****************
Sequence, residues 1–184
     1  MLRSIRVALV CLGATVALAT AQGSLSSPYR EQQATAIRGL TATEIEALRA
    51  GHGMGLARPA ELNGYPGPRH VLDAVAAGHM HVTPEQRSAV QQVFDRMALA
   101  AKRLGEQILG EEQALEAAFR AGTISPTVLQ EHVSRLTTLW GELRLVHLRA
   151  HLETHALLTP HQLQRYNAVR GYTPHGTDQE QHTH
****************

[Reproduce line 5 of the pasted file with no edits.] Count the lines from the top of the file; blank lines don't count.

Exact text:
   151  HLETHALLTP HQLQRYNAVR GYTPHGTDQE QHTH